Last updated: 11:00 PM ET, Sat March 26 2016

Opinion Home | Tales From the Leap

  • Shannon Wolf | March 26, 2016 11:00 PM ET

    The Importance of Travel Insurance

    The Importance of Travel Insurance

    PHOTO: Adventure sports such as canyoning may not be covered by insurance, but sometimes it’s worth the risk. (photo by Shannon Wolf)

    Every time I hear of backpackers foregoing travel insurance while abroad, I can’t help but feel my jaw hit the floor each and every time in shock.

    Okay, I get it. It’s expensive and the thought of throwing money at something you (hopefully) won’t need to use seems useless, but I can tell you firsthand that when and if you do need treatment of any kind, you’ll be happy you weren’t so frugal.

    For nearly the entire first year of my travels, I barely got my money’s worth out of $1,000 of insurance while backpacking throughout Central America and Europe.

    Then in Southeast Asia, my luck ran out…

    I was hit with bacterial infections, followed by food poisoning and then the second worst strain of dengue fever, which landed me in the hospital for a week in Thailand. Because that wasn’t bad enough, I contracted typhoid fever in Cambodia and required a $60 consultation in Vietnam before heading off to India. So I would say yes, travel insurance has been a godsend.

    READ MORE: Travel Insurance Saves The Day For A Guy Who Should Know Better

    All in all, I’m not your mother and I don’t want to nag, but when it comes to travel insurance, it’s better to be safe than paying (or losing) an arm or a leg.

    If you are already abroad and would like to get insured, your best bet is to go with World Nomads, whom I have used mostly throughout my travels around the globe giving you worldwide coverage.

    If you are still in your home country such as the USA, book your insurance from a reputable company such as:

    Allianz Travel Insurance

    Berkshire Hathaway

    CSA Travel Protection

    If you are Canadian, the best insurance companies are:

    Travelcuts Worldwide Travel Insurance

    World Escapade/April International


    When looking for travel insurance, there are five main areas that are part of a good policy:

    1) Medical emergencies and evacuation

    This is by far the most important. I always make sure to get at least $1 million in coverage along with emergency dental (because trust me, bills rack up).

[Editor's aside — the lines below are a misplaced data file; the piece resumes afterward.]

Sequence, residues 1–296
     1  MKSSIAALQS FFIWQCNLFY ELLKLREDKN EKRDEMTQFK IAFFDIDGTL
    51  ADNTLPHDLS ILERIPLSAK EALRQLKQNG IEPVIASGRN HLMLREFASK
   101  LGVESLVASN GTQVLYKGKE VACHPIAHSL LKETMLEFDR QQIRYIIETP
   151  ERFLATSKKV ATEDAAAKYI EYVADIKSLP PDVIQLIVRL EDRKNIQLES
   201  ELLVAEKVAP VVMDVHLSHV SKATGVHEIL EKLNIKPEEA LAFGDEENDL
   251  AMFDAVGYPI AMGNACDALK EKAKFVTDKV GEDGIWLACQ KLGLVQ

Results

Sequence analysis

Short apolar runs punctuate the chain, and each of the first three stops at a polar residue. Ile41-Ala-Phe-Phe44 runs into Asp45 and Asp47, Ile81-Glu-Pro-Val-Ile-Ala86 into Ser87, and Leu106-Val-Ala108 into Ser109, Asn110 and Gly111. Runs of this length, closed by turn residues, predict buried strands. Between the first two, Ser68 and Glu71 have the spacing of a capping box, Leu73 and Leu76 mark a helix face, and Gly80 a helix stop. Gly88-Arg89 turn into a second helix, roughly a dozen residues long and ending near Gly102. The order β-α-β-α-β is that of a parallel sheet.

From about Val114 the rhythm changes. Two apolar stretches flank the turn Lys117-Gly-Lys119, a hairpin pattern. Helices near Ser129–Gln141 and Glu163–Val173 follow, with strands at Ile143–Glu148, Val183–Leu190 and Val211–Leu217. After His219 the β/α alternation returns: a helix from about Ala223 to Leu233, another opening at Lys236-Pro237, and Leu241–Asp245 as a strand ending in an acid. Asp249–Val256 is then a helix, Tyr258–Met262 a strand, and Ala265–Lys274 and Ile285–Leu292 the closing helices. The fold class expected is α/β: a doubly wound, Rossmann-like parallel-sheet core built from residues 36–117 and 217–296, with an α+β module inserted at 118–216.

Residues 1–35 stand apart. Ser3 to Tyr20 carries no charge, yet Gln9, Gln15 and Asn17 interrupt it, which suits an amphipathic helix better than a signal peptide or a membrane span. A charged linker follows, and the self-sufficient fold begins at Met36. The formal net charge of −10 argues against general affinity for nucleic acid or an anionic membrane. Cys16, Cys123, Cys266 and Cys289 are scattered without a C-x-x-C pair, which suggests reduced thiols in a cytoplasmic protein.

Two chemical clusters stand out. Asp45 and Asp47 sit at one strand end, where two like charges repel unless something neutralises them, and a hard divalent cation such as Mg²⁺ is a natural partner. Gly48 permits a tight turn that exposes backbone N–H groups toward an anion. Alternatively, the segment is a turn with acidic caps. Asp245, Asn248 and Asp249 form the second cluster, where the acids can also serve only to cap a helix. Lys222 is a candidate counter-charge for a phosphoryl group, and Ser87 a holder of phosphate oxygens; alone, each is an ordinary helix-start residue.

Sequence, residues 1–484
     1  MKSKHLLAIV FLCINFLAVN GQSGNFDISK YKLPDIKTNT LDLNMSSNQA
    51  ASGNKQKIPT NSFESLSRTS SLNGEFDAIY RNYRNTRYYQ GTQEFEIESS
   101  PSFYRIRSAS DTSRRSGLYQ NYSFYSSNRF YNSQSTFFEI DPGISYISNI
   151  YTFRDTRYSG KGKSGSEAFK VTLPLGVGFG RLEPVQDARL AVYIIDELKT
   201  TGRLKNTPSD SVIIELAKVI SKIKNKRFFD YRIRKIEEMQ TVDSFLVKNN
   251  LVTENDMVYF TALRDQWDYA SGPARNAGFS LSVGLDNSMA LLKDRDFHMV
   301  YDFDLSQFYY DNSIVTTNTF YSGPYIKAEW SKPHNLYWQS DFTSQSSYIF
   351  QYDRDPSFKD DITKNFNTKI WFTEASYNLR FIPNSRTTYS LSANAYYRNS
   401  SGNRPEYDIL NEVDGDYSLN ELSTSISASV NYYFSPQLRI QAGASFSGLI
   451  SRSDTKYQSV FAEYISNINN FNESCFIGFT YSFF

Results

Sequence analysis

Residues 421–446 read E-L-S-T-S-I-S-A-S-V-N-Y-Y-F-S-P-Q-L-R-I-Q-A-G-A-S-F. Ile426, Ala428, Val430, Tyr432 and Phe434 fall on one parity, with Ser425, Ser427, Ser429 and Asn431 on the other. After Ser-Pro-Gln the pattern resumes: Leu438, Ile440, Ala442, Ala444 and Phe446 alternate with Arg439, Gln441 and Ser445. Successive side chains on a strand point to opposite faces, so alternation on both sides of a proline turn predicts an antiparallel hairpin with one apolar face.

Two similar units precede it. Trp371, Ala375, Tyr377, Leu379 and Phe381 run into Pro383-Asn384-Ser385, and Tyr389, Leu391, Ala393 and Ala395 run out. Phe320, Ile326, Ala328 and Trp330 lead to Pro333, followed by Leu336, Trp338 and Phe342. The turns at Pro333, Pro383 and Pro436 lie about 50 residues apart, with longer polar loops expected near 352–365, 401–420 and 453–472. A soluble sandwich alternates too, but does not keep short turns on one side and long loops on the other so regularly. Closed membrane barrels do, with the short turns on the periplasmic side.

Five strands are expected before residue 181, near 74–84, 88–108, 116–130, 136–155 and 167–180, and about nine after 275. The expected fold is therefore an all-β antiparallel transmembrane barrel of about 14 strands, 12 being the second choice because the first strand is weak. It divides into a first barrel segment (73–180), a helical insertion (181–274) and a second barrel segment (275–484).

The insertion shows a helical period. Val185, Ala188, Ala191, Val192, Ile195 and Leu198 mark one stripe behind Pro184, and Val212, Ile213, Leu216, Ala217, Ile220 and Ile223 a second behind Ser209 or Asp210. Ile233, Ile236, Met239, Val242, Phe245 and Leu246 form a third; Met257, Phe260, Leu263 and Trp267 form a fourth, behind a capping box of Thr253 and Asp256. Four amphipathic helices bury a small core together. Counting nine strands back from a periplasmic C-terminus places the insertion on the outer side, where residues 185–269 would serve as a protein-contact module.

2) Trip cancellation

    Covers you in case of unforeseen issues such as illness, an accident or a death of a close relative.

    3) Baggage and personal belongings

    This is by far the least important, in my opinion, but an added bonus to having travel insurance.

    4) Personal liability

    Covers your liability and legal expenses if you were involved in an accident, etc.

    5) Insurance with 0 deductible

    As described on Blue Cross' website: “Let's say your plan's deductible is $1,500. That means for most services, you'll pay 100 percent of your medical and pharmacy bills until the amount you pay reaches $1,500. After that, you share the cost with your plan by paying coinsurance and copays.”

    READ MORE: Zika Virus and Travel Insurance: What You Need to Know

    To ensure you choose a policy that's right for you, be sure to also look out for the following:

    • Worldwide Coverage: Most policies will state if they offer worldwide coverage. If you are planning to go to various countries, make sure they’re included in your plan. For example, World Nomads does not cover Cuba and some companies don’t always include the United States, Canada and the Caribbean, so you will need to check.

    • Adventure Sport Coverage: Because the chances of you getting injured in activities is higher, most insurance companies don’t want to take the risk in you making a claim. With that said, if you want to bungee jump, scuba dive, etc. your insurance company may not cover you.


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Shannon Wolf Tales From the Leap

Shannon Wolf Shannon Wolf is a freelance photographer and writer, traveling across the globe with an open itinerary and no intent of stopping. Originally from Toronto, Canada, she left behind a fast paced life to truly live and not just exist in an attempt to inspire others to follow their bliss. At age 26, Shannon has visited 20+ countries on four continents around the world. She has travelled overland by chicken-bus and tuk-tuks, hitchhiked by fruit trucks and through islands on horse and buggy. She has slept in the jungles of Nicaragua, on benches in London, secluded hidden beaches and she’s only getting started.
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